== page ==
Freebirth in the news

For further information, contact Melissa Maimann at Essential Birth Consulting. Here are some links to recent news articles about freebirth and homebirth:

Maternity Wars: Why homebirth could soon be illegal in Australia

According to Justine Caines, Maternity Coalition National President, the proposed register will have dire consequences for homebirthing in Australia. “[The review] will spell the absolute death knell to private practice homebirth because midwives will have to provide evidence of their indemnity insurance to be registered… Yes they’ll be able to seek registration if they provide hospital care but they will not be registered for homebirth practices. So essentially from one day to the next homebirth will be putting the midwife at risk of being jailed for providing a service as an unregistered midwife.”

Homebirthing vs Freebirthing: There is a Difference!

There is a massive difference between midwife-attended homebirths, which have been proven in other countries to have a similar level of safety to hospital births, and what is known as ‘freebirthing’, where no qualified medical attendant is present ... The Joyous Birth forums, originally established to give to support to women who have experienced traumatic births, have become increasingly radical recently, to the point where planned freebirthing is seen as the ultimate statement of protest over the medicalistion of birth ... Advocates of the hospital system claim that perhaps if hospitals were to become friendlier more women would birth there, problem solved. And maybe they would. But homebirthers say hey - we’re not refugees, we don’t want to be irresponsible, we’re happy to have midwives, we just want them covered by a medicare rebate.

Tragic sequel to home birth

The Sunday Age published an article that included an interview with Janet Fraser, a leading home birth advocate.

Ms Fraser ... revealed that at no time during the pregnancy had she consulted a health professional — and that she intended delivering the baby at home without an attending midwife.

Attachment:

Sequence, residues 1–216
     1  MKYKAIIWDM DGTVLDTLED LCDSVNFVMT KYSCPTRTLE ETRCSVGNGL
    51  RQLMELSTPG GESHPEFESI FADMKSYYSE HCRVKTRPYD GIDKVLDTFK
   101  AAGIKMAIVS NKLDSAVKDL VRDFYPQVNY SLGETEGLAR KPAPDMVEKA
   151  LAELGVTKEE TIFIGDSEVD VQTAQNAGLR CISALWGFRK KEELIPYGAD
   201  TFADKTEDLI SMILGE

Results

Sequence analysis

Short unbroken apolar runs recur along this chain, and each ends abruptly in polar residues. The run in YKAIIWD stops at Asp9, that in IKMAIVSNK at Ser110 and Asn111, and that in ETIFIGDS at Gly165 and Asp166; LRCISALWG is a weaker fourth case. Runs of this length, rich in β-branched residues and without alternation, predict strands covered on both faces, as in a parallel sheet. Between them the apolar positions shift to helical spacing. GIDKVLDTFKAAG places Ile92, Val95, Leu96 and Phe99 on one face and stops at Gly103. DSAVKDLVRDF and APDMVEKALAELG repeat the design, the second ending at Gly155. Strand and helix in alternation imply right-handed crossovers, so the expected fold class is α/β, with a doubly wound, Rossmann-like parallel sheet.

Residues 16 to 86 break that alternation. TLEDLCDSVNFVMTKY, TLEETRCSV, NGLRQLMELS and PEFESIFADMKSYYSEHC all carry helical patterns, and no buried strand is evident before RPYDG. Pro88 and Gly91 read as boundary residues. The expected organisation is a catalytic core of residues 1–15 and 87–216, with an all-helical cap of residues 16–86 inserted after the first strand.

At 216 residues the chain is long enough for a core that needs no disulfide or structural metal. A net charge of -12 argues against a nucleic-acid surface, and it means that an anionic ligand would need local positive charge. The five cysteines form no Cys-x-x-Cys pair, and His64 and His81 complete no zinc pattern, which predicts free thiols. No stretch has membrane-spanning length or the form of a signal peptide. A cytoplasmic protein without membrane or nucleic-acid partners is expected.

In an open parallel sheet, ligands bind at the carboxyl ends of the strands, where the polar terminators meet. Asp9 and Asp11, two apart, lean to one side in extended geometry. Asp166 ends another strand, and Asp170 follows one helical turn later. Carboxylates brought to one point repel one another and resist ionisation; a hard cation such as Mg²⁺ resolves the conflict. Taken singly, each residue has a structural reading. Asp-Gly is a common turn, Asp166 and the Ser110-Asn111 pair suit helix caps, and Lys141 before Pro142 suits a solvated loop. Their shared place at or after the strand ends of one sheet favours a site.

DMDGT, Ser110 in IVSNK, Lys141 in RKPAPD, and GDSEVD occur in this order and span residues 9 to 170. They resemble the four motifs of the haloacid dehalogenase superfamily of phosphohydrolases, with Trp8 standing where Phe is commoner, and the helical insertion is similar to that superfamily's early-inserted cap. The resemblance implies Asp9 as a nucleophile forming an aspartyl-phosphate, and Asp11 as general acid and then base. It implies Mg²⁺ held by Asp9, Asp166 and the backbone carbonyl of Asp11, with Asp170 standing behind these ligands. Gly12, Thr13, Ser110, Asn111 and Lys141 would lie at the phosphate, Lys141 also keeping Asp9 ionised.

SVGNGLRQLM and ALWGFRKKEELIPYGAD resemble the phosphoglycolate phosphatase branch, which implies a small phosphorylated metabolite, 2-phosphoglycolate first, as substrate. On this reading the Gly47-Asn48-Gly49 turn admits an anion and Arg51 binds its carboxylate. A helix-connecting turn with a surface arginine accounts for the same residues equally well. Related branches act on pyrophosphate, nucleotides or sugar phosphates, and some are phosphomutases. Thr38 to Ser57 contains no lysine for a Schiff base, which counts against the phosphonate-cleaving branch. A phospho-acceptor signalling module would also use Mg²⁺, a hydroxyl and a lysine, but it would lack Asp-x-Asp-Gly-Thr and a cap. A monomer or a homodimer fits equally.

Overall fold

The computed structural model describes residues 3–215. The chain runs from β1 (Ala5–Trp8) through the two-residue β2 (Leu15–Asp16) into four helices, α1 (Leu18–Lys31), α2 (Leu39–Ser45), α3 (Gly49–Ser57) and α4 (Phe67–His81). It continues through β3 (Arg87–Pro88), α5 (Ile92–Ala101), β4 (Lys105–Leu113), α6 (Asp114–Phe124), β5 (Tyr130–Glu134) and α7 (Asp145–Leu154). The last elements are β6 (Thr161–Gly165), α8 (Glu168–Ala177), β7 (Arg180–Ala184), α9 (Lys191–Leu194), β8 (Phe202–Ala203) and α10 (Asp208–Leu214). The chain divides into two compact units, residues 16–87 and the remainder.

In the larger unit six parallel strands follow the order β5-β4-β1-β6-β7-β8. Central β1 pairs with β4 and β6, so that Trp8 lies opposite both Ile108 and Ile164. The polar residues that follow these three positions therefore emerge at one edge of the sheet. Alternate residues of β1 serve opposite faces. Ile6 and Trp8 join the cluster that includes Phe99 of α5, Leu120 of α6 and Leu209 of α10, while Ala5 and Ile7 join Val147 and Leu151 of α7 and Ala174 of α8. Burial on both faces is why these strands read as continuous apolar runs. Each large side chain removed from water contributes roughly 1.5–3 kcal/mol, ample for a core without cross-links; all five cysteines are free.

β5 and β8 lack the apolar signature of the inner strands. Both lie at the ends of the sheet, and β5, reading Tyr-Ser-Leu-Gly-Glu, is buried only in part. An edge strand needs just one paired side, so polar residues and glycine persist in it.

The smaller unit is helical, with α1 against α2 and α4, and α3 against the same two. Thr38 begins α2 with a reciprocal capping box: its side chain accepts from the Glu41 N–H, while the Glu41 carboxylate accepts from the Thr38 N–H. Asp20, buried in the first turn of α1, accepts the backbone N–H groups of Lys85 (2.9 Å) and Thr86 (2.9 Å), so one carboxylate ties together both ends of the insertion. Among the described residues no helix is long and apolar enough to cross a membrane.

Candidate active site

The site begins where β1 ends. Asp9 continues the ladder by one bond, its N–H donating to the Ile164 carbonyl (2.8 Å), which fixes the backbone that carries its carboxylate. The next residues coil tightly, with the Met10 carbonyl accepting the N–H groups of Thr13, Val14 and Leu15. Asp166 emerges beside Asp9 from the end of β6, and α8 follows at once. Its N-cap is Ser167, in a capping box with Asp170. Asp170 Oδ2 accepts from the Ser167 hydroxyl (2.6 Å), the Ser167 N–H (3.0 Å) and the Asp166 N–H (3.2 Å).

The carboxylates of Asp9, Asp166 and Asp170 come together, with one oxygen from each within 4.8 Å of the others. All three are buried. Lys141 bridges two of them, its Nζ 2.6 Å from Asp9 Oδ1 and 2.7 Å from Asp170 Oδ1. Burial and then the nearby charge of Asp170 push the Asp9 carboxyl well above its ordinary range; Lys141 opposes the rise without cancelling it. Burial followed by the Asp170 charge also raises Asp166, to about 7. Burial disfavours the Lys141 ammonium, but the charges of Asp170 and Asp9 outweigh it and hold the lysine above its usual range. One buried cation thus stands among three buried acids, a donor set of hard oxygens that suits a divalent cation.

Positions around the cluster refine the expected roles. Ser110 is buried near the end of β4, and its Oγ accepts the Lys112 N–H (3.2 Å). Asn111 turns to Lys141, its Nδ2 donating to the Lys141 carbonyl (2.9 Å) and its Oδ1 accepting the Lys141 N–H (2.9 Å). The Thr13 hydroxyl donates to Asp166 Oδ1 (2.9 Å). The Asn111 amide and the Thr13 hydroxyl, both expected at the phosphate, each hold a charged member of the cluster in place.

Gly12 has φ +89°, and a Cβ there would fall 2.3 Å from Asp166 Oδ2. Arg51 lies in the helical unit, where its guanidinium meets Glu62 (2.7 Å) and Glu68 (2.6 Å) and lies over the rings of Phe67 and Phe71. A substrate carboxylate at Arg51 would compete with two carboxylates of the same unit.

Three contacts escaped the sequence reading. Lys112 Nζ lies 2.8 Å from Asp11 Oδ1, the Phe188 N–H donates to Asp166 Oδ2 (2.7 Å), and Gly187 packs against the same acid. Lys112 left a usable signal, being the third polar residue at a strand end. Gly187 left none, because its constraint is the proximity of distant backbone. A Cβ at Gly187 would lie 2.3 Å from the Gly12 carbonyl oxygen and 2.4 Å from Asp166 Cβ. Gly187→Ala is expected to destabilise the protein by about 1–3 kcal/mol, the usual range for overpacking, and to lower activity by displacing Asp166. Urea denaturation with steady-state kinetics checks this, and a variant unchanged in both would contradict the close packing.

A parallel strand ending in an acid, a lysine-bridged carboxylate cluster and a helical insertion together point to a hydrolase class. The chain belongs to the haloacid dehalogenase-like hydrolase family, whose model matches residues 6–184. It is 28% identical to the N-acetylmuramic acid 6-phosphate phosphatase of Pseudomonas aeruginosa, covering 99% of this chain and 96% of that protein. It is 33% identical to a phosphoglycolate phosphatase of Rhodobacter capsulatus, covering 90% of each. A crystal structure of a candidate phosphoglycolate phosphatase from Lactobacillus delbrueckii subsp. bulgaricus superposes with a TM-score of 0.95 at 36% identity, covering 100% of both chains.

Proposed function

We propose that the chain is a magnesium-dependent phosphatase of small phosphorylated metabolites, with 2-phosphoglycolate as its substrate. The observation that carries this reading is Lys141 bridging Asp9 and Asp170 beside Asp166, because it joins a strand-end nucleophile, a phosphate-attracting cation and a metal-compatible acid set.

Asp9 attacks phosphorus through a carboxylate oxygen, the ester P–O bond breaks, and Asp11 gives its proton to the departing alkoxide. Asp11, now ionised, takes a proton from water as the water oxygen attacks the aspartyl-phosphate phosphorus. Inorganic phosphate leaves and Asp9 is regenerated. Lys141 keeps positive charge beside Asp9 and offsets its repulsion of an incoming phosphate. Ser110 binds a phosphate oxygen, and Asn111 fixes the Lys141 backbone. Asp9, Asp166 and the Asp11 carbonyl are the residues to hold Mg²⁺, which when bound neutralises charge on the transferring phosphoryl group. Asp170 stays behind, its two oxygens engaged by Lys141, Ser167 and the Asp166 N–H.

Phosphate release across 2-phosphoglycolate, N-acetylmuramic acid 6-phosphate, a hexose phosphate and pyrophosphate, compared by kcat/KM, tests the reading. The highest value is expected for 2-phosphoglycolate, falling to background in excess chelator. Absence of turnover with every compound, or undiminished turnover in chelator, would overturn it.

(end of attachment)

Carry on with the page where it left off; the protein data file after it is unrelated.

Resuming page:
"Free-birthing, plenty of women do it," she said.

The Australian College of Midwives, in an earlier interview, had criticised Ms Fraser for "recklessly" promoting free-birthing on the Joyous Birth website. Ms Fraser is the national convener of the Joyous Birth network.

... Ms Fraser reportedly delivered a baby girl in a water birth.

An ambulance was called when the infant reportedly suffered a cardiac arrest and wasn't breathing.

... In the following days, there was a posting on the Joyous Birth website that announced the death, but this posting has since been removed ...

NSW police are investigating the death, and have said it was not clear whether the baby was stillborn or died after delivery. If a baby is stillborn, there is no autopsy. If a baby is alive at birth and dies soon after, it is considered a matter for the coroner.

Four dead in home birthing including Joyous Birth advocate

Dr Pesce said the tragedies showed it was time to reform maternity services to attract back women who have become refugees from the hospital system ... "We are very concerned about a maternity care system that is so abhorrent that women choose to do this (give birth without a midwife),'' Professor Brodie said ... the maternity services system needed to be re-organised so women were assigned to a single midwife who they knew and trusted and who could provide continuity of care throughout their pregnancy ... A maternity services review commissioned by the Government called for a major overhaul of the system in February ... The review wants a greater role for midwives in the system.

Why hospital horrors bring birth risks home

THE death of four Sydney babies involved in home births in the past nine months has obstetricians asking what they have to do to improve women’s confidence in a hospital birth ... And it has also raised questions about what might happen next year when it could become illegal for midwives to attend such births ... Older mothers, those who have previously had caesarians, those undergoing a breech birth who have higher risks attached to their births were choosing sometimes to go it alone ... Home births in Australia could get even riskier from next July when a new national registration scheme for health professionals kicks in. From then health professionals will need indemnity insurance to gain the registration they need to practise ... Dr Pesce hoped such a system might make a hospital birth a more appealing option for those women he now calls refugees from our health system.

Home births are irresponsible

Home births are selfish, irresponsible, anti-reason and anti-progress ... We are gifted with advances in maternity practices that just a few generations ago would have dreamed of and in Australia we have obstetrics which are the envy of the modern medical world.

Births at home could be thing of the past

Throughout her pregnancy, during and after the birth, the Clunes mum was cared for by two privately practising midwives.

The services of these independent midwives are essential to most home births ... The National Registration and Accreditation Scheme being considered will require all practising health professionals to have professional indemnity insurance, effectively sidelining these midwives ... “A lot of people will still have babies at home but will not be attended by a midwife – at great risk to mother and baby,” Ms McAllister said.

Melissa Maimann, Essential Birth Consulting.